Banshee REVIEW

March 22, 2017
4 mins read
Witchdoctor Rating
  • 9/10
    - 9/10



ANDREW JOHNSTONE wants you to go to your room, pull down the shades, and immerse yourself in the most excellent four seasons of a show that might appeal to Breaking Bad fans.

CAPSULE COMMENT: The Town of Banshee is under siege so they invite a Sheriff with a hard reputation to come and clean things up for them. An unfortunate run-in with some hoodlums on the edge of town sees Sheriff Hood’s journey cut short, but an ex-con with nothing to lose snatches up his identity and rides into town in his stead, and fun and games begin. For those of you who wondered how life might go on when Breaking Bad finished up, Banshee might just be your answer. Easily as preposterous and with a unique sensibility all its own, you have four delicious seasons awaiting your attention. Shut the door, pull the blinds and get viewing. It would have got a 10/10 rating but for the shaky dialogue in Season One and the spluttering nature of Season Four. Otherwise, it was perfect.


Banshee is preposterous, outrageous and requires the viewer to make great leaps in narrative logic, at least in Season One. By Season Two, the writers have gotten all the wooden one-liners and dubious narrative twists out of their system, and the series really starts to pump along.

Kiwi Anthony Starr (the identical twins from Outrageous Fortune) helms this European-style action series (think Leon The Professional, La Femme Nikita and The Transporter) set in a small Pennsylvania town that has employed a no-nonsense sheriff to take on the dark forces that are threatening the municipality’s social cohesion.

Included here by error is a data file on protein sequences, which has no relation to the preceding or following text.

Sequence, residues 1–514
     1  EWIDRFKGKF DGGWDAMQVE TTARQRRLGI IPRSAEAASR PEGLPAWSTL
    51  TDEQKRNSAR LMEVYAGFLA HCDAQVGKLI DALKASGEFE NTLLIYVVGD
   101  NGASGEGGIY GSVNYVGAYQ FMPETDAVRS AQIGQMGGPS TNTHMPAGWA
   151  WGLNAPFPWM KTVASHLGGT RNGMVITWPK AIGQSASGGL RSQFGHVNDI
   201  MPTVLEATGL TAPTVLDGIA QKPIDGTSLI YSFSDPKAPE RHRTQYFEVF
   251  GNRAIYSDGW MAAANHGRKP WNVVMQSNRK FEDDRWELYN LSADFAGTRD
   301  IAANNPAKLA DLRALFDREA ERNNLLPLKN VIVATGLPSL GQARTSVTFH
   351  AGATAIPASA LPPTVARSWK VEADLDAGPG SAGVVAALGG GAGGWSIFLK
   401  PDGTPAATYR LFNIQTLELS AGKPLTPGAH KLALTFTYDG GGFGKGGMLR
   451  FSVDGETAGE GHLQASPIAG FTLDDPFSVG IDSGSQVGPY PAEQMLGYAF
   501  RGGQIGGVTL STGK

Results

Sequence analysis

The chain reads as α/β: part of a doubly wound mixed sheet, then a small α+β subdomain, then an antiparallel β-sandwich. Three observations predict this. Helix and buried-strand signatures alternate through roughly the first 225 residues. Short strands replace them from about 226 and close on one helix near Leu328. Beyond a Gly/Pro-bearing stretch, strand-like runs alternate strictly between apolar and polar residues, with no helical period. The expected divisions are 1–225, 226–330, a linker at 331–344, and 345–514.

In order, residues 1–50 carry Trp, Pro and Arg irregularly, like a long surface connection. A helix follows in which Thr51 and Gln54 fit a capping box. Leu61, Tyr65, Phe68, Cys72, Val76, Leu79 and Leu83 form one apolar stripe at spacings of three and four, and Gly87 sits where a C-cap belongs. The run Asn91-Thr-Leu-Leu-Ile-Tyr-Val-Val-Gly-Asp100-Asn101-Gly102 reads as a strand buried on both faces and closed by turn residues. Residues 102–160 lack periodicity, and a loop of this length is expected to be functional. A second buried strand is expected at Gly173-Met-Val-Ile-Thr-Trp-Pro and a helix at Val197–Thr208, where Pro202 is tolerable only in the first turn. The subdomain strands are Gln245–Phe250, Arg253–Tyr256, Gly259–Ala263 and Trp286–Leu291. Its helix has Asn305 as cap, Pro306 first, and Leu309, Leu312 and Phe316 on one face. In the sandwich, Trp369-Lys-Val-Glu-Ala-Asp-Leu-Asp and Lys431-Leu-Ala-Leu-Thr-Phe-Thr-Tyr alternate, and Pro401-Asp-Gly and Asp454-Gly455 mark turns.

That sheriff, Lucas Hood, is shot and killed on the way to his new job and fortunately or not, Starr’s ex-con just happens to be standing sideline when it all goes down. With nothing to lose (having already lost everything that means anything) he impetuously steals Hood’s identity and strides into town like Clint Eastwood’s Pale Rider, a morally ambiguous figure beset by demons and looking to shoot and fight his way out of his predicament.

A man with no time for the pedantic aspects of law and procedure, this sheriff is Dirty Harry without the politics, an angry man on a mission he is not entirely certain of, but one that does include settling a score (or perhaps rekindling a flame) with his ex-lover and partner in crime who abandoned him years before in a heist gone wrong. Anastasia Rabitov/Carrie Hopewell has since found her way to Banshee and is now living the small town suburban dream, albeit one that is about to be shattered into a million pieces with Hood now muscling in on her territory.

Starr is aided by a first rate cast of sidekicks who can fight and shoot up a storm as required, much like the bad guys who are just about as perfectly bad as you might hope for. There is Kai Proctor the psychotic Amish butcher/ecstasy manufacturer with an industrial scale mincer that deals neatly with disobedient functionaries, miscreants and would be rivals. He is twisted all to hell, much like Rabbit, the revenge-obsessed Ukrainian gangster Hood tried to rip off years before. Rabbit is also the father of Hood’s ex-lover Anastasia, a scenario that makes for a family feud of Shakespearian proportions.